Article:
Step 4: You’ve Made Your Commitment to Sobriety

Once you have decided you’re ready to give it your all. You need to start pin pointing your support group. This can be very difficult at first. You should be done using alcohol/substances at this point. When you are done using and you’re serious about your sobriety you’re going to want to stop hanging around all the people you used with. People you thought were your friends. You may think they are your friends but more times than none, once you quit using they aren’t going to want to hang out as much. Due to the fact that they are still under the influence. Also do you honestly think you’re ready or want to even put yourself around that lifestyle? Being sober at first and for a while is so uncomfortable and miserable. You have to try hard every day to stay sober. Putting yourself in and around that lifestyle is like putting cat in a room full of mice and telling the cat to leave the mice alone. Using is a part of your nature now. You have created this habit for yourself and it took a long time to create that habit. So it is going to take a long time to break that habit.

In pin pointing your support group this is going to be people you didn’t use with. People that love you and care about you deeply. The ones that are there to help and are in full support of your sobriety. People you can confide in and they will be there to listen to your struggles through your recovery. For me I eventually figured who my support group all consisted of and was confident about that support group around 6 months into my recovery. My mother, my father, my brother, his wife and one of my best friends were all my main supporters. Of course I always had my treatment group and counselor. I also did have many good talks with other people as well about sobriety but their support wasn’t as consistent as my main support group.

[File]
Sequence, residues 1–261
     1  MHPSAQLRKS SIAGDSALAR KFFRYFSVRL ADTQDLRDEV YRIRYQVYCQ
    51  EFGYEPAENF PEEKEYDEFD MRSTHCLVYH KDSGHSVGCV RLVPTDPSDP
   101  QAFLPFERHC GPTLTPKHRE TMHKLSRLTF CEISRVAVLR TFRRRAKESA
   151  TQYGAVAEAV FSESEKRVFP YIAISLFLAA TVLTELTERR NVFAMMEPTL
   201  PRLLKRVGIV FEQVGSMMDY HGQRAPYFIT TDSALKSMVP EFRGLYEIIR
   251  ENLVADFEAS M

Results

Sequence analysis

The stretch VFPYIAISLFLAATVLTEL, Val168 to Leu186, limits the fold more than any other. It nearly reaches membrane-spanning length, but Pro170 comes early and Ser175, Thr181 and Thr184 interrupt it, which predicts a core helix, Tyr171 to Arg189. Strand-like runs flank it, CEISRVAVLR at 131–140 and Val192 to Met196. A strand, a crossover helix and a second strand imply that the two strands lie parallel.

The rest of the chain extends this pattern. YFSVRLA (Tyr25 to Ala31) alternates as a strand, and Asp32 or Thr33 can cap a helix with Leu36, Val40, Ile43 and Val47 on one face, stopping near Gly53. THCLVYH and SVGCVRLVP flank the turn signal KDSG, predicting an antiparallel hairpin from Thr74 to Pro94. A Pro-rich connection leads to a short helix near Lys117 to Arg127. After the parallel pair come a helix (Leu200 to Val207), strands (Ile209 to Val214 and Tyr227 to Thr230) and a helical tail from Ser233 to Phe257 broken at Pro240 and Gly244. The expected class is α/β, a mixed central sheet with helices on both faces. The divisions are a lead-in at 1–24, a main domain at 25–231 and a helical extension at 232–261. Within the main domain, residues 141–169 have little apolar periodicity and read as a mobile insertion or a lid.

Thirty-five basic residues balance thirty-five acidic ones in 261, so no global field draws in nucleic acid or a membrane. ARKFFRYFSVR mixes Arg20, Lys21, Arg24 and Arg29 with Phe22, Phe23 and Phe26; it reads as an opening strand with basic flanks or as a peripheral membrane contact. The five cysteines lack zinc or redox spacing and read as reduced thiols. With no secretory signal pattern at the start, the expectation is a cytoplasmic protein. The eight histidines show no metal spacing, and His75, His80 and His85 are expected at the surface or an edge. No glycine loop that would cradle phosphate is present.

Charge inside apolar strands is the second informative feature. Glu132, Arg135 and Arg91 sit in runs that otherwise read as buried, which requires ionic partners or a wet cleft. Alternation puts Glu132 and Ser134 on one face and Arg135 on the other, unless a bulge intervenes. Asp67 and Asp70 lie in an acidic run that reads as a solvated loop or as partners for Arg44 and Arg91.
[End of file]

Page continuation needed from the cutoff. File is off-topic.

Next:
You will have your group and counselor to open up to but it is important to have people on the outside of group be there for you too. People that are going to be in your life for a long time. Eventually you’re going to graduate treatment and go your separate ways. Although it is good to get phone numbers from people you meet in group and to stay in contact with them. You could potentially become good friends and support each other outside of group as well. Just be cautious who you do decide to trust in group or get close to because some are there because they have to be and aren’t ready to commit to sobriety. You don’t want them to affect your recovery process negatively. Same goes for AA and NA meetings as well. If treatment groups and/or AA and NA is the route you choose for recovery both places should touch on the importance of figuring out your support group.

Step 5: Seek Guidance and Educate Yourself

I recommend getting into a treatment facility. Treatment is going to have trained educated licensed drug and alcohol counselors/psychologists there guiding you. This can be tricky if you aren’t court ordered, you don’t have insurance or your insurance doesn’t cover much of your treatment or any of it at all. Treatment is not free. Someone has to pay those licensed counselors to help you. A lot of places will work with you and set up payment plans for you to get the help you need. All treatment centers are different so don’t let the price of one discourage you. Look into others and what they can offer.